Author: Urban Sharing - From excess economy to access economy
Why did we select this snapshot?
The San Francisco Bay Area is seen as the cradle of the sharing economy and collaborative consumption, where large sharing platforms, such as Airbnb, Uber, or TaskRabbit originated. The city is supportive of ideas related to the gig economy, which is viewed as a major facilitator of employment in the future. The currently low unemployment rate in San Francisco (2.7%) is partially attributed to the gig economy.
In 2012, Mayor Edwin M. Lee announced the formation of the Sharing Economy Working Group (SEWG), which mainly explored regulation of short- term rentals and its key outcome was the establishment of the Office of Short-term Rentals, which currently regulates accommodation sharing.
Sustainability challenges faced by the city:
- growing cost of living. housing shortage, number of cars, safety and equity
Mobility: mobility sharing is dominated by the TNCs Lyft and Uber, while peer-to-peer car sharing remains marginal. Lyft and Uber have become a regular transportation option for San Francisco residents and visitors. New systems for short-term e-bike and e-scooter rentals may have a significant impact on the future development and structure of TNCs. Autonomous vehicles are imminent in the near future, and have a potential to disrupt both TNCs and the public transit.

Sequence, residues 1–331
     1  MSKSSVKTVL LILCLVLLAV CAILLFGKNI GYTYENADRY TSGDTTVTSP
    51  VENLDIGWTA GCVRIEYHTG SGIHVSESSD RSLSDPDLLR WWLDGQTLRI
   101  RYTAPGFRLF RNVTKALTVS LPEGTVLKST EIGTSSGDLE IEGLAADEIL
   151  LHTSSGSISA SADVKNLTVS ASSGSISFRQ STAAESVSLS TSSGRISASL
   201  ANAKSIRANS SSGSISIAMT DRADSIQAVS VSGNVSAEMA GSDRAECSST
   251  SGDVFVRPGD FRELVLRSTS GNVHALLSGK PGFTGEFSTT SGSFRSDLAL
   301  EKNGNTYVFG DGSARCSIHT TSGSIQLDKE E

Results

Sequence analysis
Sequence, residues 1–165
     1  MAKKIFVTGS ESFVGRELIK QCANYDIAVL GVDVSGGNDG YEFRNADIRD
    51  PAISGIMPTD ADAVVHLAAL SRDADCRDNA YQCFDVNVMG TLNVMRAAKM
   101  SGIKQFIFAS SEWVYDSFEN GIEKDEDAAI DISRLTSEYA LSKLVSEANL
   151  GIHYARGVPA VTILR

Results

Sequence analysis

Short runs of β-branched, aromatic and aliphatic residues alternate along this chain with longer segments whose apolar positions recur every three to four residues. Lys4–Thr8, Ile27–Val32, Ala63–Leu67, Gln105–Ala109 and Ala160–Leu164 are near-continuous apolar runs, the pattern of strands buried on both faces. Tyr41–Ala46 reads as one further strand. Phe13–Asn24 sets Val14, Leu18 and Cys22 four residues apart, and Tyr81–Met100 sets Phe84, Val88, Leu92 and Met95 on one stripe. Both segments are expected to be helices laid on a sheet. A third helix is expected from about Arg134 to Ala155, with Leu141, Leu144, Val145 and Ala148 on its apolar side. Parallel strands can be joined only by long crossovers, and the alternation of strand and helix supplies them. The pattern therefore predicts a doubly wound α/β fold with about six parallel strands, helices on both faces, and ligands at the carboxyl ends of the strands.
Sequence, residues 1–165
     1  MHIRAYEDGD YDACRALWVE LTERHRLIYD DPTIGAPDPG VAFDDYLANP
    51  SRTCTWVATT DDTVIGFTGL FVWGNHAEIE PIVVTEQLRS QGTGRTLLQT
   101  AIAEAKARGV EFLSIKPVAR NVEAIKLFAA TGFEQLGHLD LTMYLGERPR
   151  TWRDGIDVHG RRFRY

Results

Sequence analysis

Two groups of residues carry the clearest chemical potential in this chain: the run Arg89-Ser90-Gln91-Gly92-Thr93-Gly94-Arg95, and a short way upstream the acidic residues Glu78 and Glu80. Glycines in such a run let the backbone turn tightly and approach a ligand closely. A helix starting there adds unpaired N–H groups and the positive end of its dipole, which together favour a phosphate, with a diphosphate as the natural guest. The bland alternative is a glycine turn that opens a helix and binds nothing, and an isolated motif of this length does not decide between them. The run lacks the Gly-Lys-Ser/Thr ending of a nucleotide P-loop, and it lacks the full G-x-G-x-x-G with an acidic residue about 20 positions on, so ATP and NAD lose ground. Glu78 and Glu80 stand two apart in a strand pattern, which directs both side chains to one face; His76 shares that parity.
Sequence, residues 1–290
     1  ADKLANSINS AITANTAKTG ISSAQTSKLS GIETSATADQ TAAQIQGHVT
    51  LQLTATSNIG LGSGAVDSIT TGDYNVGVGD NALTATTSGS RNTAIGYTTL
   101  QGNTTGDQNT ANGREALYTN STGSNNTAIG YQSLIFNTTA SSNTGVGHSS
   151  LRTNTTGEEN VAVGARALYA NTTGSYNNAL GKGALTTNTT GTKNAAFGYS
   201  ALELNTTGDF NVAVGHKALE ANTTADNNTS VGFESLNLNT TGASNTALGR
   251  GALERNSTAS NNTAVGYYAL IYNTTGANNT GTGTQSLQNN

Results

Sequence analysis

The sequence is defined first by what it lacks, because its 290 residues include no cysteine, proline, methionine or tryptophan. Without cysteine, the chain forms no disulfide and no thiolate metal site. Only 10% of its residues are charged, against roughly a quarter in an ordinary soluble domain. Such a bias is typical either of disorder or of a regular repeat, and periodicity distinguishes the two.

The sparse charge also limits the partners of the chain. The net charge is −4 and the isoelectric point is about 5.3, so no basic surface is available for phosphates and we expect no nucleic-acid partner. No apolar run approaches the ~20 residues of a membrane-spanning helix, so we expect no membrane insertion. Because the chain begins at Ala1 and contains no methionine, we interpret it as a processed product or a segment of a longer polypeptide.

Accommodation: the accommodation sharing market, also called by the city representatives “short term rentals,” is dominated by Airbnb, VRBO and Home Away, which unite their forces in combating city regulations. According to the new regulation of 2018, the hosts 1) must be registered with the Office of Short-term Rentals; 2) must not rent out a separate unit for less than 30 days; 3) must not rent out their own homes for longer than 90 days per year.